The OMR, which involves darkening circles corresponding to the roll number, exam date, question paper code, subject code, seat number, language code, semester and section of paper code, is a complex system introduced last academic year; it drew complaints from lakhs of students and delayed exam results. This year, it threw the examination system itself into disarray. The OMR, hall tickets and exam centre assigning was largely handled by MKCL, something that Ulhas Dixit was staunchly critical of.

The two years Welukar has been V-C have seen major blunders in admission, exams, evaluation and revaluation.

In his resignation letter to the V-C, Dixit wrote that he was “against jobs being outsourced to MKCL”, and against (hasty) implementation of the barcode and OMR code system. The MKCL was asked to process hall tickets and assign exam centres to commerce students but it created a huge mess; students were put through a lot of inconvenience. Dixit chaired a study on systems implementation last year and highlighted serious lacunae. Against this backdrop, the exam work this year should not have been assigned to MKCL again, says a top faculty member. “The situation has become so bad that I fear students’ careers will be adversely affected and some might go to any extent to vent their frustration,” Dixit says.

Faculty members put out a laundry list: no meetings with faculty on campus; diluting the process of registration for PhD; a college lecturer being recommended as Welukar’s nominee to the managing council against rules; wrongful constitution of the boards of study for various subjects and research recognition committees; referees being changed after adverse remarks on thesis of a well-connected candidate; many vacant endowment positions; the less-than-perfect functioning of the internal quality assurance cell and so on.

“The V-C was always regarded as an intellectual and cultural thought leader; it helped if he was also a good administrator, but there was the post of pro-VC for administrative purposes,” explains Dr Aroon Tikekar, a former editor and historian, who authored The Cloister’s Pale: A History of the University of Bombay. “The present V-C is certainly not an intellectual; nor is he a good administrator as recent events show. His appointment is itself a mystery”.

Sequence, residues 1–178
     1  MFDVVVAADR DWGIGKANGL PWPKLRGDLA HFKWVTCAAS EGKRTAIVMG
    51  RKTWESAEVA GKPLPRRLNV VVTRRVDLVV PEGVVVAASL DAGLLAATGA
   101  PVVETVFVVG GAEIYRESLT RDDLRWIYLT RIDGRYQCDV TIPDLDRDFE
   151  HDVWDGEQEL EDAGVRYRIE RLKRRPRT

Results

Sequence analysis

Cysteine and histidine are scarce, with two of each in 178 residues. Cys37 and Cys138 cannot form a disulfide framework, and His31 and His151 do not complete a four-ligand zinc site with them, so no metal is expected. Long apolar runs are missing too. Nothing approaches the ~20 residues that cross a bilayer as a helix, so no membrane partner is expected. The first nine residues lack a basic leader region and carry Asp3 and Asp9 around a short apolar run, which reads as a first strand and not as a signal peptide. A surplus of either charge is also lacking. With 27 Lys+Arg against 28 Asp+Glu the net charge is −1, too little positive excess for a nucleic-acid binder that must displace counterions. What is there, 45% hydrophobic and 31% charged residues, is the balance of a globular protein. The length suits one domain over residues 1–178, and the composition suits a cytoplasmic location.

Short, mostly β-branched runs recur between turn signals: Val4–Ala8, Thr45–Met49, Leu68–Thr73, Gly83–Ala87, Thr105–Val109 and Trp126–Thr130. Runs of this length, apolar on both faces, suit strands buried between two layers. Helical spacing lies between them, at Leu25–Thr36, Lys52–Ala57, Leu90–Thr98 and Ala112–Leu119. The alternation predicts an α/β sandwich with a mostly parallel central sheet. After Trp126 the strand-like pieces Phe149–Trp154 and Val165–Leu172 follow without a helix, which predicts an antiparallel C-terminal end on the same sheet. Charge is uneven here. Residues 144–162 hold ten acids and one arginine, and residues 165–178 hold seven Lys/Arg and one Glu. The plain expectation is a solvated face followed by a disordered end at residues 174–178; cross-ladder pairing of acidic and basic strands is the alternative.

The search committee, chaired by well-known sociologist Andre Beteille, had drawn up a list of five eminent academicians and had zeroed in on one of them in January 2010; Welukar was not in the list. January 20 and 21 were fixed as dates for the final interview by the governor/chancellor but governor S.C. Jamir was replaced four days before the interview. Fearing foul play, he wrote to then CM Ashok Chavan. Outlook accessed a copy which reads: “I feel it my duty to point out nefarious activities of the vested interests... they are seeking escape routes and have resorted to unethical networking, contacting political leaders and NGOs (to) put pressure on the authority to reverse the process.” Sure enough, Jamir’s successor appointed a new committee, chaired by Dr A. Kolaskar, a former associate of Welukar, which duly recommended him for the post.

Among those most vociferously demanding Welukar’s resignation now is the young Aaditya Thackeray, grandson of Shiv Sena chief Bal Thackeray, who was all praise for Welukar when he gave in to Thackeray’s demand to ban Rohinton Mistry’s Such a Long Journey from the curriculum. A far cry from the halcyon days, says Tikekar, marked by the likes of V-C John Mathai who, in 1957, had refused to convene a special convocation session to confer an honorary DLitt on Jawaharlal Nehru.